David Gram, a writer for the Associated Press, recently wrote an article describing how Vermont has managed to achieve a situation with lower electricity prices than those of her neighbors. You can find the article under the headline Big switch: Vt. now has some of region’s lowest power costs on the Boston.com web site.
Vermont did not join her neighbors in the “dash for gas”; instead two sources provide most of her electrical power – a long-term contract for power from Canada with Hydro-Quebec and Vermont Yankee, a 500 MWe Boiling Water Reactor (BWR) that came on line in February of 1973. That 32 year old power plant produced more than 70% of the electricity sold in Vermont in 2004, the last year with data available from the Energy Information Agency.
That year, the plant achieved a 100% capacity factor – meaning that it ran 24 hours per day for 365 days at 100% power. Imagine putting your foot to the floorboard as the ball drops in Times Square one year and still having it down when the ball drops the next year. Since nuclear plants are licensed for an arbitrary period of 40 years, Vermont Yankee’s operating license is scheduled to expire in 2012.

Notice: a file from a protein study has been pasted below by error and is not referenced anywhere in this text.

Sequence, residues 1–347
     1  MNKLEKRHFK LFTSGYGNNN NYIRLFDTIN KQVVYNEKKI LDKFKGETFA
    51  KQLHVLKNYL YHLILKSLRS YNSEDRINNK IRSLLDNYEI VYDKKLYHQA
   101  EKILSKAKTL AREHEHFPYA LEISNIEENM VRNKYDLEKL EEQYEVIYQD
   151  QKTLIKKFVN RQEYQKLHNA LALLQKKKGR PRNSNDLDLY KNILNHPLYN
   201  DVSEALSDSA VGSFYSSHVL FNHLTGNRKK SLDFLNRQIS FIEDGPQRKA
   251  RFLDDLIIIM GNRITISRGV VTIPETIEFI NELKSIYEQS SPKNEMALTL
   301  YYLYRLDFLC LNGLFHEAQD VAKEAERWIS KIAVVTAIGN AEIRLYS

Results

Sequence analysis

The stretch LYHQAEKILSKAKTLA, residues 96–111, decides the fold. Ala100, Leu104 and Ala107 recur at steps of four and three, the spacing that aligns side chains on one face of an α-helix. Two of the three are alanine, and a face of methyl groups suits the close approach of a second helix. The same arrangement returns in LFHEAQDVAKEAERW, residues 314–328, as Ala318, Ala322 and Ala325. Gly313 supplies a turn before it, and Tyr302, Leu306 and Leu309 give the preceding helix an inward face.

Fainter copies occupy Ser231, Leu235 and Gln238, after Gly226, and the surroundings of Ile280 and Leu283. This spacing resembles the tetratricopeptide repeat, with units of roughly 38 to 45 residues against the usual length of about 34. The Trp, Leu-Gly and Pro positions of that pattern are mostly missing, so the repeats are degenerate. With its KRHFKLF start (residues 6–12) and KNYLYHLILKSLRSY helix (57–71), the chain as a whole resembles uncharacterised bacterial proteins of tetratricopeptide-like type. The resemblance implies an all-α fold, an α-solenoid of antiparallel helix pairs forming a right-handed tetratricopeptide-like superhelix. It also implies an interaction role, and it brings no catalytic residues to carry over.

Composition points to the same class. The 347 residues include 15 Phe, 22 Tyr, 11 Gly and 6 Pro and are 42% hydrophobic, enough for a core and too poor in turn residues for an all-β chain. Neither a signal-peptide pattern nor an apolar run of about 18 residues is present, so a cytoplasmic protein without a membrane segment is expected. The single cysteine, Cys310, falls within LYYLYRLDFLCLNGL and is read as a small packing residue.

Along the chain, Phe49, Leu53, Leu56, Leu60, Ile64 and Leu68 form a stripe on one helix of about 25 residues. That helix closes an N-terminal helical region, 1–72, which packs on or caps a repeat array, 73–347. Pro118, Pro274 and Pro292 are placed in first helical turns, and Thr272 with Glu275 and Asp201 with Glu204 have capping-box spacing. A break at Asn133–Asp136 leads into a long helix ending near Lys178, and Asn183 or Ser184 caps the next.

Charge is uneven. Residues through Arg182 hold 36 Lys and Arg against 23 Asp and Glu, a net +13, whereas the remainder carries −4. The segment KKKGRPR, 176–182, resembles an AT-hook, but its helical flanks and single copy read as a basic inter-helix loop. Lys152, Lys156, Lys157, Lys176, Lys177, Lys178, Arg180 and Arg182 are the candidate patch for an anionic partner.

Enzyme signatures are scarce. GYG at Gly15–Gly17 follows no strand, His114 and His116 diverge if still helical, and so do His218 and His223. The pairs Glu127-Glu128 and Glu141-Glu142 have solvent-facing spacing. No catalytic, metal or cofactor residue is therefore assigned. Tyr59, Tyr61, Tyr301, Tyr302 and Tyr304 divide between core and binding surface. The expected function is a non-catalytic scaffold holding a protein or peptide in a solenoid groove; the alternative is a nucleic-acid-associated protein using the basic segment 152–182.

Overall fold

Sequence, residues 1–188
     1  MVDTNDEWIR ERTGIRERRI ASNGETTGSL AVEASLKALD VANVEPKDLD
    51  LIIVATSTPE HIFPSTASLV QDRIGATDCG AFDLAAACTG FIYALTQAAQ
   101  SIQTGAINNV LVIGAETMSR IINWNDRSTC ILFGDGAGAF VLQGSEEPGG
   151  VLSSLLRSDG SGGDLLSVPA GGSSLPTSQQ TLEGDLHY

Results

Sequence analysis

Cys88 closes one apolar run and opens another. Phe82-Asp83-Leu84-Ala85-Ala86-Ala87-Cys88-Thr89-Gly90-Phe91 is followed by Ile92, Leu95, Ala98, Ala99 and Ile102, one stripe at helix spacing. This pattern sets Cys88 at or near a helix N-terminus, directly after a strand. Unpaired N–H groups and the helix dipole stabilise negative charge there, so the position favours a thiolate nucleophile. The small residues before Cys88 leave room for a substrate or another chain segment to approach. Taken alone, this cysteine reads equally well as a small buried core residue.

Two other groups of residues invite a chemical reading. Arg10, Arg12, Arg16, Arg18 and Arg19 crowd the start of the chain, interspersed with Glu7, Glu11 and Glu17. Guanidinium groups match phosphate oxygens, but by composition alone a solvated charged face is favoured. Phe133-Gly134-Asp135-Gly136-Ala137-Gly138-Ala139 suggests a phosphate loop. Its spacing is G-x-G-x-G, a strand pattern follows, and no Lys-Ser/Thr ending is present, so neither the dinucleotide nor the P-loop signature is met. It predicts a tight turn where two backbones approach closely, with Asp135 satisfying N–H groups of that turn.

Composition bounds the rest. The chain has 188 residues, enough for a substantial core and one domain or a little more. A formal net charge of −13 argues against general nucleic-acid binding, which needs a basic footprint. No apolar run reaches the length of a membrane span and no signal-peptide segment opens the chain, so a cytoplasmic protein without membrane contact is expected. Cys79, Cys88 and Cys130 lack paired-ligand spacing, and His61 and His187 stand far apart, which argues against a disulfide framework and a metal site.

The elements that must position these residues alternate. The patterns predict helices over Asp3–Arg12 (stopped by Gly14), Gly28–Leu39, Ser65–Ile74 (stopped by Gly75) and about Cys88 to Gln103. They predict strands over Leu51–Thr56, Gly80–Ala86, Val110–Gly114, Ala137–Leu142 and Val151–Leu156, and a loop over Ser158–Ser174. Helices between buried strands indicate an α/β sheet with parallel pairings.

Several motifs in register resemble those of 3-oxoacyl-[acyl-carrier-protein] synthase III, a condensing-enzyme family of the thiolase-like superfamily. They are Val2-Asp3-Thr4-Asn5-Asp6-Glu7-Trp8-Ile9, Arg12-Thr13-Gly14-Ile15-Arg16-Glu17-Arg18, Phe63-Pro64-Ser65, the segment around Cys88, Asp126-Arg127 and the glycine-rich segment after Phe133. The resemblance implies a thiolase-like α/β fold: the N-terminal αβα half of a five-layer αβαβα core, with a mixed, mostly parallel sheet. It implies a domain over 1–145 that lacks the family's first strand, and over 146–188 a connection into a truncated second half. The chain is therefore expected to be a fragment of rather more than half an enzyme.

If I lived in Vermont, I would be actively working to encourage Entergy, the current owner of the plant, in its efforts to renew the plant license for another 20 years. According to the NRC license renewal status page, Entergy has indicated that it intends to file its application for that renewal this month – January 2006.
Here is another interesting statistic – Vermont’s electrical power industry ranks 51st (compared to the electrical power industries of 50 states plus the District of Columbia) in the total quantity of emissions of at least three major pollutants – Sulfur Dioxide, Nitrogen Oxide, and Carbon Dioxide. That is a race that most states would love to lose.